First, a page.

Even though neither the polar ice caps nor the Himalayan glaciers have disappeared as predicted by green Chicken Littles, mainstream media habitually trumpet climate Cassandras like Mann and attack his skeptics. So, it shouldn’t surprise us that media have ignored Mann’s legal defeat versus Dr. Timothy Ball in British Columbia. They’ve been ignoring Mann’s loss against National Review so far as well. Both contradict media’s “We’re all gonna die from catastrophic climate change!” narrative.

When Mann’s remaining suits against Mark Steyn and the Competitive Enterprise Institute are also thrown out, should I try to suppress my inevitable resurgence of schadenfreude?

Greta Thunberg

Nah. I’m going to savor it.


Uber_Fritz said...


You do know your German!


Peter said...

I feel it should be made clear that Mann has not lost these cases on the basis of science. In the case of The National Review, they were let off because they were found not liable for an article by a writer who is an independent contractor. The case against Dr. Timothy Ball used the same defense that is being used now by Donald Trump's "election fraud" lawyer, Sidney Powell who is claiming her comments were so outrageously untrue that no reasonable person would have taken them seriously. Citing a list of careless inaccuracies in Ball’s article, the judge said it lacked “a sufficient air of credibility to make them believable and therefore potentially defamatory.” This defense was also used by Fox News lawyers defending Tucker Carlson: that the “general tenor” of Mr. Carlson’s program signals to viewers that the host is “engaging in ‘hyperbole’ and ‘nonliteral commentary.’” The judge added: “Given Mr. Carlson’s reputation, any reasonable viewer ‘arrives with an appropriate amount of skepticism’. Probably not how Fox would like to have their "news" seen, but it worked to get Carlson off.

We all know now how Big Tobacco spent years manipulating science research and the debate about its harmful effects. Why would we think that Big Oil is not doing the same? Fool me once, shame on you...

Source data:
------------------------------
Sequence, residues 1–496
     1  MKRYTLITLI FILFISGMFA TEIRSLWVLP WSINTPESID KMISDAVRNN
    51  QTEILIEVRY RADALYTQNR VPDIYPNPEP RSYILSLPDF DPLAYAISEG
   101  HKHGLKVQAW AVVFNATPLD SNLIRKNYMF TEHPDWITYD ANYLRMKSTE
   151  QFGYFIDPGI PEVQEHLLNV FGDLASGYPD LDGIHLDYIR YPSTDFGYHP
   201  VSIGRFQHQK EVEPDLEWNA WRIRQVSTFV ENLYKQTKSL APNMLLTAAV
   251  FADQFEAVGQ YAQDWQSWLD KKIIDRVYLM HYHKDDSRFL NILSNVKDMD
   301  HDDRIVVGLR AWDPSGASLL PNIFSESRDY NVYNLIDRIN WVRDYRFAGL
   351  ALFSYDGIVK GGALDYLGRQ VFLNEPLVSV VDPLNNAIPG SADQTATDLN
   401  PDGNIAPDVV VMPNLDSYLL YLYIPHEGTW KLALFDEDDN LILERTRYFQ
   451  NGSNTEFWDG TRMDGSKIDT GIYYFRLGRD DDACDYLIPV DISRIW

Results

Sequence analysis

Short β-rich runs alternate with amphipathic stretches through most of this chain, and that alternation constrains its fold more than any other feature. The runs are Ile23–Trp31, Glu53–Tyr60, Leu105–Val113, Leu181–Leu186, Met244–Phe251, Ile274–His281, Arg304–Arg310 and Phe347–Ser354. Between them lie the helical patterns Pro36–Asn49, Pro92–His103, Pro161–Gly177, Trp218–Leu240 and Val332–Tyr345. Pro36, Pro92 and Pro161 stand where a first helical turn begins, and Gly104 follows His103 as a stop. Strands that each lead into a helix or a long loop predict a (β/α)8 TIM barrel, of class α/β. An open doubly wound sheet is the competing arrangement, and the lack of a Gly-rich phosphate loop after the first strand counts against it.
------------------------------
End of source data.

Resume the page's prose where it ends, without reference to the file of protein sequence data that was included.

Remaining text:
Tom McLaughlin said...

All that is true, but the primary objection of the judges is Mann's refusal to turn over the data he used for his "scientific" hockey stick graph. That is the antithesis of science. Timothy Ball is a climatologist who follows the scientific method. Mann simply isn't. He's a charlatan.

Peter said...

Michael Mann is really not even that important in the whole scheme of things. Climate deniers like to make it seem like the entire weight of evidence for climate change rests on the hockey stick, but it only provides one thread of evidence among many for what we're doing to the planet.

There is no case for casting doubt on the scientific value and integrity of the studies by Mann – they have been replicated by other scientists, the data and the computer code are available in the public domain...


...and many other studies with different data and methods have confirmed the prime conclusion.

The real question we are faced with is not whether humans are changing climate. The science on this is clear, and decades of research have culminated in a scientific consensus on this point. The real question now is what we need to do about it.

Tom McLaughlin said...

Only in the left media, which is almost all of it, is there a scientific consensus that human activity is the main cause of climate change There are plenty of scientists don't believe this. It's ultimate hubris to think we can do anything to slow it down or speed it up. It's way beyond human control.

Peter said...

Tom, the media has nothing at all to do with a scientific consensus, but if you think you are being lied to about what they are reporting then just skip them and go directly to what the scientists are saying. The NASA site for instance states that:

"Multiple studies published in peer-reviewed scientific journals1 show that 97 percent or more of actively publishing climate scientists agree*: Climate-warming trends over the past century are extremely likely due to human activities." They then go on to list the statements of 18 major scientific societies, including the American Association for the Advancement of Science, the American Medical Association and the U.S. National Academy of Sciences.